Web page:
I am interested in creating a square outer-conductor with round inner-conductor air coax post for a hex beam antenna. I found the extremely useful information at:

How do I design a round or square coaxial transmission line to have a specific impedance?



However, from a practical standpoint, in these explanations it is not clear to me what is the most appropriate measurement to use for the square outer conductor's single-side diameter. For example, if I use 2" x 2" x 0.125" square tube for construction of the air-coax, for the calculations should I use the outer 2" diameter, the inner 1.85" diameter, or the 1.925" average diameter?

  • $\begingroup$ What useful information did you find at those two links? $\endgroup$ – SDsolar Jun 21 '18 at 2:13

Coaxial cable impedance is determined by the dialectric between the two conductors and the distance between the faces of the conductors. So normally it is the outer diameter of the inner conductor and the inner diameter of the outer conductor.

The facing surfaces being a controlling factor is due to the skin and proximity effects that tend to keep the current on the skin of the conductor and on the surfaces (skins) that are closest to each other.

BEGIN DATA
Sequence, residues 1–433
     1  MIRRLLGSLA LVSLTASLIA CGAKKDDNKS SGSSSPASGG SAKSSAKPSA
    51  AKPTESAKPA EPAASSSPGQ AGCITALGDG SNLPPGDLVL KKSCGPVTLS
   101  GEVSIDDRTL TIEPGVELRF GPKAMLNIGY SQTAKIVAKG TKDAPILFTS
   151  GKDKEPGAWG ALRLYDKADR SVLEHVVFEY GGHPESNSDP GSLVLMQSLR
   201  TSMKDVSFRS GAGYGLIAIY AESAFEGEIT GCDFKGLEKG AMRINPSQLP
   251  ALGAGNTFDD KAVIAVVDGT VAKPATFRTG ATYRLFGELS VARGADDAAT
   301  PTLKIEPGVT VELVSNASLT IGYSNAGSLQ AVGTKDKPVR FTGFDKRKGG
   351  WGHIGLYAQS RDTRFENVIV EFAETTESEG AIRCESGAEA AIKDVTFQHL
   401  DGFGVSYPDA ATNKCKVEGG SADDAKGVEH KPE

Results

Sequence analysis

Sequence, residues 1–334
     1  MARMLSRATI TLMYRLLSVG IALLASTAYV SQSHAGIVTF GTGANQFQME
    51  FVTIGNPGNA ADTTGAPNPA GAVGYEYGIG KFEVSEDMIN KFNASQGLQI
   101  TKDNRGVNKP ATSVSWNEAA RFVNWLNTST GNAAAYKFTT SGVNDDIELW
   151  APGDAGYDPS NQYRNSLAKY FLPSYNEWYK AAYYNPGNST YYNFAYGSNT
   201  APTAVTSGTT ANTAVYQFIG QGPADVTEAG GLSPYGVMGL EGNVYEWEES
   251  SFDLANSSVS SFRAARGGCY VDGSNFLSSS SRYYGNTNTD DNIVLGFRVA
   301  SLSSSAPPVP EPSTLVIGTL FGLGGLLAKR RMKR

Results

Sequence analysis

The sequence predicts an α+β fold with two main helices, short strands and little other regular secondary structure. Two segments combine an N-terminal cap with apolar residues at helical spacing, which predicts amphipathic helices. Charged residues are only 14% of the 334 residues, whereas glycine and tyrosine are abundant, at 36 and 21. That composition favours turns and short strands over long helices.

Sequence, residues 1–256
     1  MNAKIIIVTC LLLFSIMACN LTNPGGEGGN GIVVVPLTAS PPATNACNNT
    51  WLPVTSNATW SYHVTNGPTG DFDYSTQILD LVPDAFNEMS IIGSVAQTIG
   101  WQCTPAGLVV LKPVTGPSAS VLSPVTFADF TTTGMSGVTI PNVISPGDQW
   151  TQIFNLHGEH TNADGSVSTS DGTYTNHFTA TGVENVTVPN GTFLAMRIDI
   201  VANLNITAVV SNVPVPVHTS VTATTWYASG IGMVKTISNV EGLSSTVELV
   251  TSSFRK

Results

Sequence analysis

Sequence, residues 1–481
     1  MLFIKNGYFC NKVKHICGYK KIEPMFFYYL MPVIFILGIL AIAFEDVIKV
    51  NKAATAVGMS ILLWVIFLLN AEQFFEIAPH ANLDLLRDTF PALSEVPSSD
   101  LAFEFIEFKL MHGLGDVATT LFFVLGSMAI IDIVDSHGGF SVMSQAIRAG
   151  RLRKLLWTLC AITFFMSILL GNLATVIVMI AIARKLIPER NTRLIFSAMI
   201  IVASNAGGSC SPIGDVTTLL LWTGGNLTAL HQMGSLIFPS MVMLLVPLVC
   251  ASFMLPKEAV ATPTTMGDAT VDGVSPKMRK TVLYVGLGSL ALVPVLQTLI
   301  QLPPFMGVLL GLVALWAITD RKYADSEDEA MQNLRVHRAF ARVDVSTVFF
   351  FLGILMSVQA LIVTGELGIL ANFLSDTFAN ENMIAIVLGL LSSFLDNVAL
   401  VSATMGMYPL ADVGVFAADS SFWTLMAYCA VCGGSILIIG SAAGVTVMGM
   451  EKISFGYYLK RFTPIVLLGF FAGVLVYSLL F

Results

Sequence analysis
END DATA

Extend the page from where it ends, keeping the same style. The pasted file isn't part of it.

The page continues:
The thickness of the tubes will probably not be a factor other than for mechanical and geometry factors. Normally though, you should have 4 to 5 skin depths for the lowest frequency in the application. This is in addition to the inner conductor having a sufficiently large enough diameter so as to minimize RF resistance at the highest frequency of application.

Kevin Schmidt's formula for the characteristic impedance of coax made with a square outer conductor and a round inner conductor is:

$$Z_o=138\log_{10}(1.08D/a) \tag 1$$

where $D$ is the inside dimension of one side of the square tube and $a$ is the outside diameter of the inner round conductor.

Note that the square tube dimension, $D$, is the inside of one side of the tube or equivalently, the outside dimension of one side of the tube minus the wall thickness times two.


Your Answer

By clicking “Post Your Answer”, you agree to our terms of service, privacy policy and cookie policy

Not the answer you're looking for? Browse other questions tagged or ask your own question.